People of Duke Arts: Chuck Catotti
Chuck Catotti retires from Duke University this week after a year as director of the Rubenstein Arts Center and after 33 years in theater and box office management for venues across campus.
Catotti was raised in Gainesville, FL. After starting his studies at the University of Florida, Catotti finished his BA at the University of North Carolina-Chapel Hill, where he quickly entered the MFA program in Technical Production. Catotti became embedded in the local theater scene and eventually landed a position at Duke. In this interview for Duke Arts, Catotti reflects on his 33-year tenure at the university, how theater at Duke and in Durham has changed, and shares a few highlights from his career.
From all of us at the Duke Arts family, heartfelt congratulations to Chuck Catotti for his many years helping to shape theater and event production at Duke. We hope to see you around the Ruby soon!
How did you become interested in theater?
I was the kid who had a soldering iron and was building radios and stuff at home. I played music growing up—I was a sax player in a band. Whenever we did a set without the horns I would go run the lights.
I picked up a couple jobs in theater when I was at UNC, one at Memorial Hall and one at the PlayMakers Repertory Company. I was looking around at the students who were in the graduate program (MFA in Technical Production, UNC Department of Dramatic Art), and I thought, “I should do this because I love working in production.” I talked to the faculty and said, “I’d like to join the MFA program,” and the next year I enrolled.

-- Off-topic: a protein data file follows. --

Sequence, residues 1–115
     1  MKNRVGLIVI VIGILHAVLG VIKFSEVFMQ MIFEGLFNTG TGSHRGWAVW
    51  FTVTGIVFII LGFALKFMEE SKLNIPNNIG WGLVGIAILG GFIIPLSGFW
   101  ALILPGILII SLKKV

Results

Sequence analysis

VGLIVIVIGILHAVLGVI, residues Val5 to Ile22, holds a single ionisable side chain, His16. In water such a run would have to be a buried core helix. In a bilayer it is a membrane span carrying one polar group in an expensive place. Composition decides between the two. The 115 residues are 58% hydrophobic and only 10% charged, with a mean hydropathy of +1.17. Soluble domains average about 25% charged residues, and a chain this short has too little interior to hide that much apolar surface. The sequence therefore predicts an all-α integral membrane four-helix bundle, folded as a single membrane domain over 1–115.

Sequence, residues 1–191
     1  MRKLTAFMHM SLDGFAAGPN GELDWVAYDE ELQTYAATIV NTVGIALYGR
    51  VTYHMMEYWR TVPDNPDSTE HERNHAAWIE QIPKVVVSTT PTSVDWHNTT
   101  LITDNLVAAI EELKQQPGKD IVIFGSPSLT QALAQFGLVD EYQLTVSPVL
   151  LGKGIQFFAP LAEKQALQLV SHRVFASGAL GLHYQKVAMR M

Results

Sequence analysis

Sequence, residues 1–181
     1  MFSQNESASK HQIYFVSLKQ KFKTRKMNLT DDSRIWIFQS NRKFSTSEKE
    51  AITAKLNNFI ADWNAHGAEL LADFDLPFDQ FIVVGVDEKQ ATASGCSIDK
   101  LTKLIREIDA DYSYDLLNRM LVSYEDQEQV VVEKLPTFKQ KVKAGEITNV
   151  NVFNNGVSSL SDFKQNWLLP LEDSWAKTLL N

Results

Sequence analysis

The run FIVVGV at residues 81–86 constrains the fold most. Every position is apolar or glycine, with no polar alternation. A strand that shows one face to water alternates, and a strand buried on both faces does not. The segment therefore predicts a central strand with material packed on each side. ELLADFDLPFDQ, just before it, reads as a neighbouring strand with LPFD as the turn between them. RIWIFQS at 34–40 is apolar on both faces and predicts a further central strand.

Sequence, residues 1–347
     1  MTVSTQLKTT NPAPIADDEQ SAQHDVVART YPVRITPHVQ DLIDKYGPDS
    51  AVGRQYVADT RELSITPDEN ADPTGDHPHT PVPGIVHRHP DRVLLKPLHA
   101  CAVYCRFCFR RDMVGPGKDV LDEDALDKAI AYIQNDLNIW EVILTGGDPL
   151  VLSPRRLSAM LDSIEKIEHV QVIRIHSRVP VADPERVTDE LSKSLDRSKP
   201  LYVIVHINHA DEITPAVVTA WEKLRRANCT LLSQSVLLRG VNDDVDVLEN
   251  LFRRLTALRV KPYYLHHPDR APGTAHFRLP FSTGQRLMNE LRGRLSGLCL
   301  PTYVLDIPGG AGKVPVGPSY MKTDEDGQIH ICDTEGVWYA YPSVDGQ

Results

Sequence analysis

While I was in the MFA at Chapel Hill, I continued to do freelance work. I ended up designing a few shows for John Clum (who was the head of Duke Drama at that time). I started to get to know some people in Durham and at Duke and started being more involved in projects over here.
When and why did you first come to Duke?
In 1985 a group including Mary Duke Biddle Trent Semans, Ella Fountain Pratt, and Michael Marsicano had conceived of doing a street opera in Brightleaf Square. I was hired to design the sets, lights, build it, and figure out the logistics. When they set up for their first rehearsal, there was a lot of ambient noise. They thought, “Oh my God, what do we do?” And Miss Pratt says, “Well I’ll call Wes (Newman),” who was then the Director of Technical Services at Duke. Wes came and bailed them out with a bunch of gear from Duke. He ended up hiring me and I started at Duke that fall. I thought I’d stay for a year or two, but…
How has your job changed over the years?
When I came here I oversaw the Bryan Center theaters with two technicians. Within about 6 months, I took on Page Auditorium. Years later, I took on the box office and later, conference and event services.
Early in my first year, I had a meeting with Manny (Emanuel) Azenberg, the Broadway producer. Manny’s daughter had gone to Duke and he saw our brand-new Reynolds Theater and thought, “I would like to do my out of town previews on a college campus where the audiences will be friendly and where the actors, the director and designers aren’t under pressure and where we can just get the show on its legs.”
In Spring 1986, we did a three-week run of Long Day’s Journey into Night by Eugene O’Neill—the second Broadway revival of the show. Jack Lemmon was the main star. Kevin Spacey (unknown at the time) and Peter Gallagher were also in it.